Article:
Executive Summary

Executive Summary

This guide is an evidence update of the Osteoporosis prevention, diagnosis and management in postmenopausal women and men over 50 years of age, second edition, published in 2017 by The Royal Australian College of General Practitioners (RACGP).1 The accumulation of high-quality evidence supporting changes to clinical practice over the past five years, the need for expert consensus and opinion, and new developments in the pharmacological management of osteoporosis, especially the role of osteoanabolic therapies, prompted this revision.

This guide is designed to provide clear, evidence-based recommendations to assist Australian general practitioners (GPs) in managing patients over 50 years of age with poor bone health, including osteopenia and osteoporosis. Its purpose is to support clinical judgement making in the individual patient, not to replace it, and help busy GPs achieve better patient outcomes by the:

  • prevention of first fracture
  • early diagnosis of osteoporosis to allow prompt bone health management
  • identification of undiagnosed patients following a first fracture to prevent subsequent fractures
  • management of secondary causes of poor bone health.

This guide provides evidence-based recommendations, content and statements across key topics constituting best practice in the identification, diagnosis, prevention and treatment of osteoporosis.

Most recommendations in the previous (second) edition were based on critical analysis of published, peer-reviewed evidence from 2006 to 2016, following a systematic review of available evidence. Every section in this new edition has been reviewed and updated with current peer-reviewed evidence by a bone expert with particular subspeciality expertise in that topic. Focused literature searches were also undertaken in subject areas that the Guideline Review Committee felt needed particular attention. These included fracture risk assessment tools, the frequency of dual energy X-ray absorptiometry (DXA) monitoring, patients at ‘imminent’ or ‘very high’ fracture risk and pharmacological therapies. Where there was insufficient evidence available, or where the quality of the evidence did not meet minimum requirements (as described in Appendix A), recommendations were developed through Guideline Review Committee consensus cognisant of the complexities and time constraints of a busy GP. Details on the development process, how to use this guide and membership of the Guideline Review Committee are found in Appendices A, B and D.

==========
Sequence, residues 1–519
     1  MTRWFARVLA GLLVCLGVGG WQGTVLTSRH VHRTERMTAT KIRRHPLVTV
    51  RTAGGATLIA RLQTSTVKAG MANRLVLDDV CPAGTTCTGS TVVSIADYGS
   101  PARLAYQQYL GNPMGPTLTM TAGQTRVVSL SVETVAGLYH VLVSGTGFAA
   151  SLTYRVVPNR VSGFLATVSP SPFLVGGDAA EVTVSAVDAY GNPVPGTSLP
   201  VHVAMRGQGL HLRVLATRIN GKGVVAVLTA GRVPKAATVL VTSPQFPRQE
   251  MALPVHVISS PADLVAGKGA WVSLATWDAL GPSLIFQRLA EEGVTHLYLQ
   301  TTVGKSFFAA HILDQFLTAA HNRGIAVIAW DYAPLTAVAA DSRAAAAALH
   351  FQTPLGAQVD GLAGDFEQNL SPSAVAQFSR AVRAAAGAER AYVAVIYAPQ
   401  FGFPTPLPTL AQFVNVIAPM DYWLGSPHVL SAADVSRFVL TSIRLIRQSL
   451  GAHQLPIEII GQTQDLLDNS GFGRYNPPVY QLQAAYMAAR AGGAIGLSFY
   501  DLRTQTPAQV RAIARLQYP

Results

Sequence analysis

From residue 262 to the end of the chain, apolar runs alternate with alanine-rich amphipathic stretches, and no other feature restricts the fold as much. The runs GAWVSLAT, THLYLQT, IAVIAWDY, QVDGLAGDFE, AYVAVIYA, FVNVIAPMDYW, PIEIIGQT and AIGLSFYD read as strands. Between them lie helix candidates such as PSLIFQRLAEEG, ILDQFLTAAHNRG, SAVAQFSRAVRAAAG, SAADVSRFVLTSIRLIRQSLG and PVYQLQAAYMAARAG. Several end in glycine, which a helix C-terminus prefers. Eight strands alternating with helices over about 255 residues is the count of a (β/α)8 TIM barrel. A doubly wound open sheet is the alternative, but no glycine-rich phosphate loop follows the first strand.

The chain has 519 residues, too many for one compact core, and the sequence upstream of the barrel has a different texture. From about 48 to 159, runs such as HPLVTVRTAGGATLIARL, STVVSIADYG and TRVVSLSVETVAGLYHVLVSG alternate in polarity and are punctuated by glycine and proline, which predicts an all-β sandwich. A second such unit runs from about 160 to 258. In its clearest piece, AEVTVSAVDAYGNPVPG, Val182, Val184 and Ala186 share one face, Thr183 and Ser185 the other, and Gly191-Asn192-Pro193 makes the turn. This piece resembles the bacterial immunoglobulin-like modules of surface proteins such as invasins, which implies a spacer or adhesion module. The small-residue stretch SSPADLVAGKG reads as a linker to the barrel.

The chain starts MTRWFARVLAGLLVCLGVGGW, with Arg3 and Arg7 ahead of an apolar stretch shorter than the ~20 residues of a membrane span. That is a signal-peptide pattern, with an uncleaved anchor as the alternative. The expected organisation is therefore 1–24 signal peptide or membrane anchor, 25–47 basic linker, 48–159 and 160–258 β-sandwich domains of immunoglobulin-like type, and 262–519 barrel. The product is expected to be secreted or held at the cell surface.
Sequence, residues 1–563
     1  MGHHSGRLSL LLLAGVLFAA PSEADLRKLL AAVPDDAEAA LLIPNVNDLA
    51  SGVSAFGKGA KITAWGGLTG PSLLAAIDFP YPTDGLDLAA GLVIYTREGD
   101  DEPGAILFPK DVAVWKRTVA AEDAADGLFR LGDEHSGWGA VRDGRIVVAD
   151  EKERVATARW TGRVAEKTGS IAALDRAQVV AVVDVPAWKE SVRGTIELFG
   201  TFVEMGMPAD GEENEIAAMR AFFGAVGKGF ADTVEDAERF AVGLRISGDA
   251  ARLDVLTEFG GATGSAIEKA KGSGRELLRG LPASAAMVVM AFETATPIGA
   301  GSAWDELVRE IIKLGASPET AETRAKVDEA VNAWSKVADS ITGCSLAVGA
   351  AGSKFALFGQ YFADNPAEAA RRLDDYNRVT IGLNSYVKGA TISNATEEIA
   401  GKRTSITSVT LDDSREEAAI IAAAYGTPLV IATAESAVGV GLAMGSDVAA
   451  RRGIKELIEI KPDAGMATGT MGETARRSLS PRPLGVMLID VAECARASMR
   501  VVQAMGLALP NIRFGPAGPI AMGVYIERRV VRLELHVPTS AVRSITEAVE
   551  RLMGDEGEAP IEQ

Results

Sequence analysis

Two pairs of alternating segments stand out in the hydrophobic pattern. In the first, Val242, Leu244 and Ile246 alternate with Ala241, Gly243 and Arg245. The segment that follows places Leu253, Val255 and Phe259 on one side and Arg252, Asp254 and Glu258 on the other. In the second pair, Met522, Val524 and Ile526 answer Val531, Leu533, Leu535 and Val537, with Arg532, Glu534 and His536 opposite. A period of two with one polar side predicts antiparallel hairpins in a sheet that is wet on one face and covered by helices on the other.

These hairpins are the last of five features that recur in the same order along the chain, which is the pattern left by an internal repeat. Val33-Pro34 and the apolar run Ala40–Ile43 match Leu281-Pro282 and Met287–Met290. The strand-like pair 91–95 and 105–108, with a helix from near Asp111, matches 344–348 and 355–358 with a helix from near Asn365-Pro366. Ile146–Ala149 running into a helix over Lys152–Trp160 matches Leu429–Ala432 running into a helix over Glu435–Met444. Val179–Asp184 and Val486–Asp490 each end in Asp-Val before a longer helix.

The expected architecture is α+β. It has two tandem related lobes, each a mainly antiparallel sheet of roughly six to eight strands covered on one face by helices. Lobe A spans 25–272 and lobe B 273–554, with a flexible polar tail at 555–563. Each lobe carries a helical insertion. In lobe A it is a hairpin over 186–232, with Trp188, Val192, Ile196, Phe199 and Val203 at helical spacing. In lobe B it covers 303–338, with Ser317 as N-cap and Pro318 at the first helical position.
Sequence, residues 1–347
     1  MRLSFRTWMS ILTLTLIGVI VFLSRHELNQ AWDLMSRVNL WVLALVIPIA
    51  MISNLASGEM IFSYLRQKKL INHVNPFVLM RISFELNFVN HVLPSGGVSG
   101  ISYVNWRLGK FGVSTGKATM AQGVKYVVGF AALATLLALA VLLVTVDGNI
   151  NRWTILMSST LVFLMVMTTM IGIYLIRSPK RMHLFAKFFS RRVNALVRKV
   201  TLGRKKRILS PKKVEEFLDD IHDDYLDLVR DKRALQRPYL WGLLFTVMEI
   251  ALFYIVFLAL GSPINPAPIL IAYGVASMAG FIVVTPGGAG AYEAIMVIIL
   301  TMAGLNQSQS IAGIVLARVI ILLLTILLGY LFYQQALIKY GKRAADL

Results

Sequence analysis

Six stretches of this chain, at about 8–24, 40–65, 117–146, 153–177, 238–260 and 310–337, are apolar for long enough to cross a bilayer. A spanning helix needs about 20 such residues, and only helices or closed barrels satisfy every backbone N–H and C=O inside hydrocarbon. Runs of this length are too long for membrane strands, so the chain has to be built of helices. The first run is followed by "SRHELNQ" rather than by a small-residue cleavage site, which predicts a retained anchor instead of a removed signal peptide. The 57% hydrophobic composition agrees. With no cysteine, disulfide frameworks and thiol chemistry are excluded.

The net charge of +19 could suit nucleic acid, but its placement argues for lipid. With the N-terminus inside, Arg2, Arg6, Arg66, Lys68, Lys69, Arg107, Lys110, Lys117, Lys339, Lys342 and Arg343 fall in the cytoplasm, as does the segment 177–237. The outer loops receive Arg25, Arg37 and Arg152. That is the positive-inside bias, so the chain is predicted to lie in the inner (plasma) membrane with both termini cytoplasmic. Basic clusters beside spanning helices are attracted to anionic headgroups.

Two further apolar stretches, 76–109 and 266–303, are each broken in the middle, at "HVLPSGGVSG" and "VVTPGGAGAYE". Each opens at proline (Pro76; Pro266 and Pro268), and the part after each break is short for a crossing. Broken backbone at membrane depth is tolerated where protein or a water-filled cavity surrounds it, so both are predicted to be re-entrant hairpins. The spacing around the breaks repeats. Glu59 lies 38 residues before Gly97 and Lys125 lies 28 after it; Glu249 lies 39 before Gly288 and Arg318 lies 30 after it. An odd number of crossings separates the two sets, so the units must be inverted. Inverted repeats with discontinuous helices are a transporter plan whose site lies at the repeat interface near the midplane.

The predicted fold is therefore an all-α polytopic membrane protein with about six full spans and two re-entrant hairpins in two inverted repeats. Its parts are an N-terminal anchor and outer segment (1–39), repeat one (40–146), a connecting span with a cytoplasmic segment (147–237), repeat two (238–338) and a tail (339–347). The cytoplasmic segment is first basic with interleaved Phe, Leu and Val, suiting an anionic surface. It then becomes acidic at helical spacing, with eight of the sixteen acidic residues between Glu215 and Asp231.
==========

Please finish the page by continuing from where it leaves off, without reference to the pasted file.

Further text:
Certain areas of osteoporosis management have evolved significantly since the second edition. Specifically, recommendations for the use of fracture risk assessment tools, particularly FRAX®, for screening, the risk of rebound vertebral fracture following denosumab cessation, the removal of strontium as a therapy, the clarification of ‘imminent’ or ‘very high’ fracture risk in patients, the importance of calcium and vitamin D status and the use of osteoanabolic therapies deserved special attention. A ‘Special issues’ section addresses updated recommendations on delayed dental healing and the management of bone health in patients undergoing androgen deprivation therapy for prostate cancer or aromatase inhibitor treatment for breast cancer.

Clin A/Prof Peter Wong PhD Grad Dip Clin Epi FRACP CCPU A/FRACMA
Chair, National Osteoporosis Guidelines Review Committee

  1. The Royal Australian College of General Practitioners. Osteoporosis prevention, diagnosis and management post-menopausal women and men over 50 years of age. 2nd edn. South Melbourne, Vic: RACGP, 2017.

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